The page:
13. Blue Spring State Park
Blue Spring State Park, near DeLand, is a year-round home to some manatees, but in winter, they’re here in droves. I saw over 50 one day. The boat tour is fantastic. The captain identified countless wild birds and told me things I never knew, like how a blue heron is white in its first year. It’s a good base for visiting Daytona or DeLand.
14. Wekiwa Springs State Park
Wekiwa Springs State Park surprised me with many slots open since it’s just about 16 miles from Orlando. It offers swimming, kayaking, canoeing, and wildlife viewing. And don’t write off neighboring Seminole County’s fun attractions like the Sanford Ghost Tour and the many breweries. Its German restaurant, Hollerbach’s Willow Tree Cafe, is the best ever.
15. Manatee Springs State Park
Manatee Springs lives up to its name with the winter influx of manatees. Its 800-foot boardwalk engulfs you with cypress trees and opens on its first-magnitude springs. It’s about a half-hour drive to the gulf beaches. Sites are often available and it’s only $20 a night.
16. Rainbow Springs State Park
Rainbow Springs State Park was once a theme park. Its springs are crystal-clear and popular for swimming or kayaking. Its natural beauty and waterfalls draw the artists you see in the park painting.
17. Ruth B. Kirby Gilchrist Blue Springs State Park
Ruth B. Kirby Gilchrist Blue Springs State Park, Florida’s newest state park, has several springs. Swimming and snorkeling are popular in the crystal-clear water. Try paddling the 0.25-mile spring run to the Santa Fe River. The park is near Lake City and Gainesville.
18. Mike Roess Gold Head State Park
Sometimes lesser-known parks are real treasures. Mike Roess Gold Head State Park in Keystone Heights is about an hour’s drive to Jacksonville. It’s one of Florida’s oldest state parks. The bathhouse facing Lake Johnson was built by the CCC.
Pro Tip: There’s a hiking trail to an old mill site and the Florida National Scenic Trail passes through the park. I’ve seen rare Sherman fox squirrels here often.
19. O’Leno State Park
O’Leno State Park is another oldie-but-goodie a few miles from Lake City. It has a museum dedicated to the CCC workers who built the park and some of the original CCC buildings. The Nature Center has a small pen for turtles and lots of information inside. Check out the suspension bridge and paddle the Sante Fe River from the boat launch on site.
Pro Tip: It’s just a few miles from Ichetucknee Springs State Park for tubing fun.
20. Tomoka State Park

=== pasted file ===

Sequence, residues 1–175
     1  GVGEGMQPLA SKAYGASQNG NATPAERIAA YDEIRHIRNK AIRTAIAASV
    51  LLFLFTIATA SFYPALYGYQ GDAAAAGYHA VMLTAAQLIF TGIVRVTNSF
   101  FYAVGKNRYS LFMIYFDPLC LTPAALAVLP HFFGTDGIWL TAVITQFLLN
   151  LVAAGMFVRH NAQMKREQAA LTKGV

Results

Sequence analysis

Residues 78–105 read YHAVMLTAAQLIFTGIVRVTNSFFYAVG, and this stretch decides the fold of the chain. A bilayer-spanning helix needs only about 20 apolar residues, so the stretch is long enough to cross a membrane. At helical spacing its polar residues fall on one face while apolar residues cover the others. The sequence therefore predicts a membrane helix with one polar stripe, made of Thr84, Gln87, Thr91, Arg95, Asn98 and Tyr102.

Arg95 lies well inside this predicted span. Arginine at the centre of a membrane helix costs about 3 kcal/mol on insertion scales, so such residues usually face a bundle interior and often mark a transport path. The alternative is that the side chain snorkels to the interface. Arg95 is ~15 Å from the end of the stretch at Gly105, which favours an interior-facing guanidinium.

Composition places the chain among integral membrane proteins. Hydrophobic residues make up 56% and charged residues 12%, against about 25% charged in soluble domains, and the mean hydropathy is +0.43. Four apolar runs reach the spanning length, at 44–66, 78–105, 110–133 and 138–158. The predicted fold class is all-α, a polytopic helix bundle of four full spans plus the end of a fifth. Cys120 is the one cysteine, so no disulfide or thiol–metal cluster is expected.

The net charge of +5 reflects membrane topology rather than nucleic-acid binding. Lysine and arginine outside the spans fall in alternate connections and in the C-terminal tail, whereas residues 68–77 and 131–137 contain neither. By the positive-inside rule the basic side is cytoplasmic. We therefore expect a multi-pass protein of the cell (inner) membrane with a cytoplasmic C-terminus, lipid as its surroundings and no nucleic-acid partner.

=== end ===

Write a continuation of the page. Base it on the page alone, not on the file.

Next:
When visiting Daytona Beach, Tomoka State Park is nearby. It’s great for wildlife viewing. There have even been Florida panther sightings in the area and one confirmed in the park in 2008.
21. Dr. Julian G. Bruce St. George Island State Park
The Forgotten Coast
Dr. Julian G. Bruce St. George Island State Park is on a barrier island on “The Forgotten Coast.” Your swimming choices are gulf waves or calm bay. Don’t miss the amazing driftwood along the beach.
Pro Tip: While on the island, visit the historic Cape St. George Lighthouse.
22. Fort Clinch State Park
History and nature combine at Fort Clinch State Park, a short distance from Jacksonville. They do re-enactments at the well-preserved Civil War fort. The wildlife and nature are fantastic as well.
23. Hillsborough River State Park
Hillsborough River State Park is minutes from Tampa and a delightful refuge from traffic and crowds. Fort Foster State Historic Site, a reconstructed Seminole Wars fort, is part of the park and offers guided tours occasionally.
24. Jonathan Dickinson State Park
Jonathan Dickinson State Park is the perfect base to visit Palm Beach; it’s about 15 miles away. You can see from Hobe Sound to the Atlantic from the park’s observation deck. The park offers a trip on the Loxahatchee Queen II to visit the preserved homesite of Trapper Nelson, the self-styled “Wild Man of the Loxahatchee.”
25. Paynes Prairie Preserve State Park
When visiting Gainesville, Paynes Prairie Preserve State Park is the place to stay. It’s one of the few places you can see wild horses and bison.
Pro Tip: Florida residents over 65, those having a current Social Security disability award, or those having a 100 percent federal disability award get a 50 percent discount on the base camping fee.